The fun part was the dancing. Obviously, we all wanted to hit on Pauline, a very blue eyed girl of French descent, with blonde, short hair, and dressed sixties style, like the back cover of a Beatles album. When I saw the head of marketing trying to back her into a corner, I had to act. I went up to him and said, “I just saw your wife standing there at the door asking if the party’s over. She’s come as a surprise with your fourteen kids!” Naturally, he is neither married nor does he have children, but Pauline scuttled away from him faster than if he had told her he had coronavirus.

I spent the rest of the party trying to buy Pauline a drink. Mission impossible: drinks were on the house and even the office cheapskate was inviting her. I managed to talk to her and my formal conversation didn’t interest her in the least. So I decided to tell her that I no longer worked there and that I had actually crashed the party. Suddenly a smile of interest flashed across her face. I was making headway. You see, the bad boy still comes across more attractive. Then they wonder why their relationships always go awry.

Pauline turned out to be pretty, but with less conversational skills than a bean bag. So I ended the party dancing with the CEO’s wife, which is just the sort of thing you do when you’ve had too much to drink and you know you can’t get fired from the company you don’t work for.

This year I still haven’t decided which party I’m going to crash. Pauline’s new boyfriend does karate, so I fell out of love almost as fast as I lost interest in repeating party. The one at the White House looks good, but I may just die if they bring Amanda Gorman back to recite poetry. My friends at The American Spectator, after this article, won’t be inviting me (Auribus teneo lupum). And, for reasons that escape me, neither Ivanka nor Tiffany Trump have invited me to their parties either, so far. So, if you see me at your office Christmas dinner stealing canapés and winking at the interns, remember to greet me discreetly. To recognize each other the code is: three short sips from your wine glass and a gentle pinch on the nose. Yours, not mine.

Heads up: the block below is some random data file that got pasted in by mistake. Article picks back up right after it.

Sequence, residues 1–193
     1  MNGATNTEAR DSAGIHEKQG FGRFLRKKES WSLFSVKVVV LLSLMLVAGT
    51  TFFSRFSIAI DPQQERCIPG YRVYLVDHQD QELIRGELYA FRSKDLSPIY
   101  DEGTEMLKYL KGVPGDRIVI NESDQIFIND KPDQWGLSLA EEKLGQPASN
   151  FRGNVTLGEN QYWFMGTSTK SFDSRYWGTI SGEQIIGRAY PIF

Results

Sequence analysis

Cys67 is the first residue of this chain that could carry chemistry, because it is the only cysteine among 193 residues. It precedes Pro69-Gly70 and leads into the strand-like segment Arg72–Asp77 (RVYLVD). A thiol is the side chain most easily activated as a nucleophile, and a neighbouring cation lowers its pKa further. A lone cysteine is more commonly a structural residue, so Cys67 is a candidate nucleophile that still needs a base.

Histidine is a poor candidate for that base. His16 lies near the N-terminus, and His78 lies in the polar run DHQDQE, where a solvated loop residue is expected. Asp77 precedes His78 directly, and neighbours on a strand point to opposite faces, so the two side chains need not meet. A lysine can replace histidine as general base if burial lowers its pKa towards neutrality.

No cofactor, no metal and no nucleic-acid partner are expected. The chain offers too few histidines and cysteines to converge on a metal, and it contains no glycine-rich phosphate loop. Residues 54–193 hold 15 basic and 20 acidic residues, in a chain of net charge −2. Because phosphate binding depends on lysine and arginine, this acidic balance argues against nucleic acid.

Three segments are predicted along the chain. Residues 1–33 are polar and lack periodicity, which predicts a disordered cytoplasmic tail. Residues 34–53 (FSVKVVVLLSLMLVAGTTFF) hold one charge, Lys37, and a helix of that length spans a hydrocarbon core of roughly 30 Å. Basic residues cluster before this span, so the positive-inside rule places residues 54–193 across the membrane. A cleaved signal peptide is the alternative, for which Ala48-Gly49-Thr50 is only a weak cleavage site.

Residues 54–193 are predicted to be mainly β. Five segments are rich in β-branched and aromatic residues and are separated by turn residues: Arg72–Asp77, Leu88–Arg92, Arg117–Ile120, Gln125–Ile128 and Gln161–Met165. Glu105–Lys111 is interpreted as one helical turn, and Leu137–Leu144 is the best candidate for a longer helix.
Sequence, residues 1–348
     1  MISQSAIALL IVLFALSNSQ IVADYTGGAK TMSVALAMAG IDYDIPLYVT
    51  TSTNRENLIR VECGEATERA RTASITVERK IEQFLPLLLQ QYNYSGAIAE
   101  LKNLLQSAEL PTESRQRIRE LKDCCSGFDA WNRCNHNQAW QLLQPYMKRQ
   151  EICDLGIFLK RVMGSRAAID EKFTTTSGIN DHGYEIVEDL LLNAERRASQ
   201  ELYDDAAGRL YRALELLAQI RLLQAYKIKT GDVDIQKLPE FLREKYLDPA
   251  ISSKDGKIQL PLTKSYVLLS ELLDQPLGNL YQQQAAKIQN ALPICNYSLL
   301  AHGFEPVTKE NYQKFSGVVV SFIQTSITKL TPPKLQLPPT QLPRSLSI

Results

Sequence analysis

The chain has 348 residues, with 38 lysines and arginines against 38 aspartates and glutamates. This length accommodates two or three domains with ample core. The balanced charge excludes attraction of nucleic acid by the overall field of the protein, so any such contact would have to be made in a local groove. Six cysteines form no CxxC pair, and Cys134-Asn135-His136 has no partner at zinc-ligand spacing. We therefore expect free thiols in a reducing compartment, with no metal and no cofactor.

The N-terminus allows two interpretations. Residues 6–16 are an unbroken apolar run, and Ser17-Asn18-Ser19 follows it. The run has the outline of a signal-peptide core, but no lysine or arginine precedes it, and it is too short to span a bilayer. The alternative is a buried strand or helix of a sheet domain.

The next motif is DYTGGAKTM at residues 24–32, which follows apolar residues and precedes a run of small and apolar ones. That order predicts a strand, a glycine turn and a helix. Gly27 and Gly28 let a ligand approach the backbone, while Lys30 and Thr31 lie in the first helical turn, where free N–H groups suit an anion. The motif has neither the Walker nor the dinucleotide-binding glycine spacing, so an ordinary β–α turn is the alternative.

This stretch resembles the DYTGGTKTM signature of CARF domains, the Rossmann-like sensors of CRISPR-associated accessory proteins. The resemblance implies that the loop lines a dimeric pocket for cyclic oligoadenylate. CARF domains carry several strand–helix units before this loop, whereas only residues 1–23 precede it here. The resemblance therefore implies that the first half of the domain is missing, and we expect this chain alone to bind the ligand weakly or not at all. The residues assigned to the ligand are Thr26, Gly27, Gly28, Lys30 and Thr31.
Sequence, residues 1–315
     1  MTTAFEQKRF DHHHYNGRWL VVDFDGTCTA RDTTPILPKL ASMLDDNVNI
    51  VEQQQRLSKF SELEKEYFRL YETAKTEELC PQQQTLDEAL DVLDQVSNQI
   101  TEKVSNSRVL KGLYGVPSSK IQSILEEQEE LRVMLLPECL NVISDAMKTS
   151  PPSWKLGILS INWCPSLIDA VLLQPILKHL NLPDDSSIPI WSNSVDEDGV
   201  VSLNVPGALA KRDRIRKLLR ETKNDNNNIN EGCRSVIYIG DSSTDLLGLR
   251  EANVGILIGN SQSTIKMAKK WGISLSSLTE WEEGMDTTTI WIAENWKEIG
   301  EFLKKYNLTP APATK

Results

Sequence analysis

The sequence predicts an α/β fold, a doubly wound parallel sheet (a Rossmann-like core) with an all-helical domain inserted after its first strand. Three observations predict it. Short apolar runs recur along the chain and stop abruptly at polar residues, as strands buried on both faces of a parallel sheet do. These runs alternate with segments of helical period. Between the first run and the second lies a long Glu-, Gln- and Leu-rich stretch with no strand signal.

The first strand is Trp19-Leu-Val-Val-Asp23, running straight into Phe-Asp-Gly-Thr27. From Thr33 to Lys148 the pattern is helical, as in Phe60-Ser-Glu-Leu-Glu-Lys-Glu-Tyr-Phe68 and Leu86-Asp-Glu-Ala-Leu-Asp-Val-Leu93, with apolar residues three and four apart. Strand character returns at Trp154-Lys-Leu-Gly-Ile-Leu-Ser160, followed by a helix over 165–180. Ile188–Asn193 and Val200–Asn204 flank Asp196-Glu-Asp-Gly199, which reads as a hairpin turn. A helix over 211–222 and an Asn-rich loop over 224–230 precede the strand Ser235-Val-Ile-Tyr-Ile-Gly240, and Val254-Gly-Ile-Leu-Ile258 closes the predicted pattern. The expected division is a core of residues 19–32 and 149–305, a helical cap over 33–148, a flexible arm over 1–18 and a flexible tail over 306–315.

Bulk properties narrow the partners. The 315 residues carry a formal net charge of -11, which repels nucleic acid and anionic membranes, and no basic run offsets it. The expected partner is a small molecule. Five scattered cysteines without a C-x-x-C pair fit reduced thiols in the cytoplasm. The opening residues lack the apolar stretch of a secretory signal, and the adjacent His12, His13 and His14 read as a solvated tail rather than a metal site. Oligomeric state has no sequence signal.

Itxu Díaz is a Spanish journalist, political satirist, and author. He has written nine books on topics as diverse as politics, music, and smart appliances. His most recent book is Todo Iba Bien. He is a contributor to the Daily Beast, the Daily Caller, National Review, the American Conservative, The American Spectator, and Diario Las Américas in the United States, and is a columnist for several Spanish magazines and newspapers. He was also an adviser to the Ministry for Education, Culture, and Sports in Spain. Follow him on Twitter at @itxudiaz or visit his website: www.itxudiaz.com.

Translated by Joel Dalmau

Itxu Díaz
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Itxu Díaz is a Spanish journalist, political satirist, and author. He has written 10 books on topics as diverse as politics, music, and smart appliances. He is a contributor to The Daily Beast, The Daily Caller, National Review, American Conservative, and Diario Las Américas in the United States, as well as a columnist at several Spanish magazines and newspapers. He was also an adviser to the Ministry for Education, Culture, and Sports in Spain.